In State College, Seven Mountains relaunched its WOWY stations, segueing from oldies to classic hits.
Veteran Rochester anchor Maureen McGuire, a rare native who stayed in her hometown, retired from WROC-TV (Channel 8) after 24 years with the station, the longest any lead anchor has ever stayed there.
Gone: CKRT-TV Riviere du Loup, Quebec (Aug. 31), after losing its Radio-Canada affiliation.
It was Cox Media Group’s turn to make economy-driven cuts to its stations, cutting several veteran PDs including Long Island’s Jeremy Rice. On the TV side, Cox’s Boston Fox affiliate, WFXT (Channel 25) continued to struggle in one of the nation’s most competitive local news markets, eliminating several of its newscasts and reducing staff in an effort to cut costs.
The bizarre battle between two “Alt”-branded stations in the Albany market came to an end as Townsquare flipped WQSH (103.5) to a simulcast of classic rock WQBK (105.7), leaving Pamal’s WINU (104.9) as the last Alt standing.
Up north, EMF’s purchase of Tim Martz’s border FM signals sent the “Wild Country” format that had been on WVNV (96.5 Malone) to sister stations WICY (1490 Malone) and WPDM (1470 Potsdam) and their translators, replacing oldies and country formats, respectively. Over in Plattsburgh, WPLB (1070) took new calls WJMP to match its “Jump” classic hip-hop format.
In addition to EMF’s K-Love and Air 1 launches up on the border, the EMF purchase of Hall’s WROZ (101.3 Lancaster PA) meant the end of the AC “Fun” format on that big signal Sept. 30, followed by a return to the air later in October with Air 1.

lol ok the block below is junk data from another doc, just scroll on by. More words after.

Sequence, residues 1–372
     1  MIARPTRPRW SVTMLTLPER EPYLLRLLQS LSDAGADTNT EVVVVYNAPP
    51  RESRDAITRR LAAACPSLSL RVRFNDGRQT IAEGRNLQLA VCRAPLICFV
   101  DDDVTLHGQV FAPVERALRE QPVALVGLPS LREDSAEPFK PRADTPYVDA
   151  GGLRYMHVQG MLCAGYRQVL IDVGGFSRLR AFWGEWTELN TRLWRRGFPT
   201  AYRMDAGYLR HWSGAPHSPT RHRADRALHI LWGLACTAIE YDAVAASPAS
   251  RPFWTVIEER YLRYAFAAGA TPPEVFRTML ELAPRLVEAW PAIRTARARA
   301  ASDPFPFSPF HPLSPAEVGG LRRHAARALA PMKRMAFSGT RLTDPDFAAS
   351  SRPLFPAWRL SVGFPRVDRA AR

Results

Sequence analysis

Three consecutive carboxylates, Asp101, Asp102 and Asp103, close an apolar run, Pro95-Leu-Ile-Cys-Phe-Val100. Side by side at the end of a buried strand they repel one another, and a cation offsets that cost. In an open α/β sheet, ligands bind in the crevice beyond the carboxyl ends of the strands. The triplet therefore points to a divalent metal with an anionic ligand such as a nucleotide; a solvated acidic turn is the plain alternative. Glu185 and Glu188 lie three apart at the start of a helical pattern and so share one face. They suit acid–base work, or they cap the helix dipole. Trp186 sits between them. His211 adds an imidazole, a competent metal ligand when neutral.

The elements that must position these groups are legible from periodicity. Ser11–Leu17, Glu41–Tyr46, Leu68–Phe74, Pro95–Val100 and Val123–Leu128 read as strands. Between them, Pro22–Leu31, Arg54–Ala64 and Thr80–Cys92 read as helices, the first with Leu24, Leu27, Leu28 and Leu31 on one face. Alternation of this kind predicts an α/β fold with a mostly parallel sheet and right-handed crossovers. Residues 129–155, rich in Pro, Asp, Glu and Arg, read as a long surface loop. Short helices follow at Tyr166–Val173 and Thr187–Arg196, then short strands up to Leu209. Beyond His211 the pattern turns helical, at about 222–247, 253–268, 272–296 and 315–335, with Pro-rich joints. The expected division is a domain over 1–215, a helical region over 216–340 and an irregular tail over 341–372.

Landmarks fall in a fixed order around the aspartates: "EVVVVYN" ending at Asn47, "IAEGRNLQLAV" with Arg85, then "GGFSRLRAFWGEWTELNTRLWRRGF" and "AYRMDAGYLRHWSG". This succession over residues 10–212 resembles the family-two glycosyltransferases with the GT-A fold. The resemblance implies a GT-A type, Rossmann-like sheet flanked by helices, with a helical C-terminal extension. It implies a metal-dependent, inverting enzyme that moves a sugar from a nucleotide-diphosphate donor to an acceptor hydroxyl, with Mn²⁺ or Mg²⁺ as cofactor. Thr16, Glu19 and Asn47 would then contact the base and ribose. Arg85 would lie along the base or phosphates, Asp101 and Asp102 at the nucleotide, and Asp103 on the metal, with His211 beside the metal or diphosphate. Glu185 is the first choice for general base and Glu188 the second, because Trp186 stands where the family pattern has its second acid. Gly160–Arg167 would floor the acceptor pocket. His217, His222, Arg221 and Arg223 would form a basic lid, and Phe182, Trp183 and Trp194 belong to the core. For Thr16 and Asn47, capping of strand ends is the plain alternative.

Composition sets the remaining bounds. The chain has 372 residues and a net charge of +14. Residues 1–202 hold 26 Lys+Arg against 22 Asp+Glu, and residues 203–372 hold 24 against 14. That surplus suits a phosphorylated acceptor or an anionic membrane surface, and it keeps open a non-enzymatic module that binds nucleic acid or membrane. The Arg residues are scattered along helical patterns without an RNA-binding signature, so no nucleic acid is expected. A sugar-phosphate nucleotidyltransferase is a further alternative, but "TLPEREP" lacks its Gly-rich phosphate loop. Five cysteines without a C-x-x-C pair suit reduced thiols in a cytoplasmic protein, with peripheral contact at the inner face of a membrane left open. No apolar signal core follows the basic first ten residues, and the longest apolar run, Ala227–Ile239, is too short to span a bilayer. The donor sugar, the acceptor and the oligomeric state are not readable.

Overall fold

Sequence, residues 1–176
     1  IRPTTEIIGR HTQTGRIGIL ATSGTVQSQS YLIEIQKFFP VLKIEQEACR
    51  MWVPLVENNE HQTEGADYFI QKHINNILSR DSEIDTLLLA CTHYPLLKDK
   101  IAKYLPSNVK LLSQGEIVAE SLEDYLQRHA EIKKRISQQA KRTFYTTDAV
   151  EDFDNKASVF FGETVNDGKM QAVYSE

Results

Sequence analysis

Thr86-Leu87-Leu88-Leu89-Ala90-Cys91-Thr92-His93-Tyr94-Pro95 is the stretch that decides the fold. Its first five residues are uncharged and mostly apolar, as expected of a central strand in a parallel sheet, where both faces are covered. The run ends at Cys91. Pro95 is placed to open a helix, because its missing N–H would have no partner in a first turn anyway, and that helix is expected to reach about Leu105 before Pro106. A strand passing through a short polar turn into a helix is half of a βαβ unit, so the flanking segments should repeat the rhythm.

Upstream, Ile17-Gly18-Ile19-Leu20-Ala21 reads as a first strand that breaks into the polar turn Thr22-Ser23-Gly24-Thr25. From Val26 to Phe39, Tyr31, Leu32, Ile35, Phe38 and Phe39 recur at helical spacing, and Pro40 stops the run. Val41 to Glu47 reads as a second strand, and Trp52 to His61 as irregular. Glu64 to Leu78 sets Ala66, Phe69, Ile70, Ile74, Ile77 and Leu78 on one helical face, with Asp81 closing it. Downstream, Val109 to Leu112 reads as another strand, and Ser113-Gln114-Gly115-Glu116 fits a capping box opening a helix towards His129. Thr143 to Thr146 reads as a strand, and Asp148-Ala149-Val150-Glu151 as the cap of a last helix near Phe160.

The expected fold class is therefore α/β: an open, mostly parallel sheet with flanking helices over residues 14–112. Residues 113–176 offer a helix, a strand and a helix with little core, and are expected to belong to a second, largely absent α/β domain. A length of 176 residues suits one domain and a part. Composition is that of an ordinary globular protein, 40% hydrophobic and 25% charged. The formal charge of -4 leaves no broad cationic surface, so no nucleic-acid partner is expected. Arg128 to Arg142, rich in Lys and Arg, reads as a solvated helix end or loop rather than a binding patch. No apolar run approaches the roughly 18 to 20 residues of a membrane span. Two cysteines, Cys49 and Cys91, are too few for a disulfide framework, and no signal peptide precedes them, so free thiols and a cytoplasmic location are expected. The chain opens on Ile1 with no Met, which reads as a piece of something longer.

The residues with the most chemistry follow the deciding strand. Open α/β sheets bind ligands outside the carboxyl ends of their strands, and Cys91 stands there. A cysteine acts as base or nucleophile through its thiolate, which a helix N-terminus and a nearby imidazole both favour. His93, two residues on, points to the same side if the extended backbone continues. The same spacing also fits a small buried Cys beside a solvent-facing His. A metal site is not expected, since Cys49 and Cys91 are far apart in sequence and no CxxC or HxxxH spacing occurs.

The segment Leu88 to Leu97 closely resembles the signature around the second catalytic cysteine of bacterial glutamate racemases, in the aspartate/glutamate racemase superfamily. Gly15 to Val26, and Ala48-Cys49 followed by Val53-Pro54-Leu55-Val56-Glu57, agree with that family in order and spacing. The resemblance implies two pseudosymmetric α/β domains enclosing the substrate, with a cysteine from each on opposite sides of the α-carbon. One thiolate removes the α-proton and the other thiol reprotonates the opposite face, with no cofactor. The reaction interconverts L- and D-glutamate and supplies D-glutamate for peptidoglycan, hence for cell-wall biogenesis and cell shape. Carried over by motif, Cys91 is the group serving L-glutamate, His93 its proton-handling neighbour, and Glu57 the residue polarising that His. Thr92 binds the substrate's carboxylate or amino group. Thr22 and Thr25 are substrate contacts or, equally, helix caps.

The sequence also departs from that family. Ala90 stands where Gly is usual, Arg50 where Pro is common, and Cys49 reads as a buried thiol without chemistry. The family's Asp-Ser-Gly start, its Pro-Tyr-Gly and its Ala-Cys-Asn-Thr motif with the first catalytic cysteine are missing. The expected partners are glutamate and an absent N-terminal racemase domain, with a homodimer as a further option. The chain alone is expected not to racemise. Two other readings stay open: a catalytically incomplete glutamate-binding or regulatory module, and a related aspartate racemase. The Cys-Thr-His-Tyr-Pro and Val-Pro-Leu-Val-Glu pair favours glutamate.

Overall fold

Binnie pulled the plug on its regional “Frank” classic rock format at WNNH (99.1) in the Concord market, moving the station to active rock as “the Bone.”
On the Jersey shore, veteran programmer Robby Bridges signed on with Press’ “Boss” (WWZY/WBHX) as PD, hosting mornings with his wife Rochelle Gagnon and bringing a host of well-known names to the station.
Audacy’s “Bet” sports format took over from ESPN on WWKB (1520 Buffalo), followed later in October by the same flip at Boston’s WEEI (850).
In Canada, CJFB (105.5 Bolton) moved to a higher-powered signal on 102.7 on Sept. 3 as part of the “Moose FM” network; new owners at CIYN (95.5 Kincardine) replaced classic rock with “Shoreline Classics.”
One of the year’s biggest format changes came late in the month in New York, as Audacy pulled the plug on the country format it had inherited when it bought WNSH (94.7) from Cumulus. In its place, “the Block” launched Oct. 22 with classic hip-hop, changing calls to WXBK and running jockless through year’s end, bringing veteran WBLS PD Skip Dillard over from the competition.
Beasley’s “Toucher and Rich” morning show from WBZ-FM (98.5 the Sports Hub) announced regional syndication, joining several Cumulus signals in Maine. Those included WCYY (94.3) in the Portland market plus two stations that flipped to simulcasts of WCYY, WPKQ (103.7 North Conway NH, formerly country) and WJZN (1400/95.9 Augusta, formerly classic rock “Capital 95.9”), along with sports WEZQ (92.9) in Bangor.
Rogers made some big changes to its Toronto sports station, CJCL (Sportsnet 590 the FAN), replacing fixed air shifts with a more flexible lineup designed to move around depending which sports are in season and what’s making news. Rogers also rebranded its all-news stations with “CityNews” branding to match its CityTV stations, launching those new brands on CFTR in Toronto, CKGL in Kitchener and CJNI in Halifax.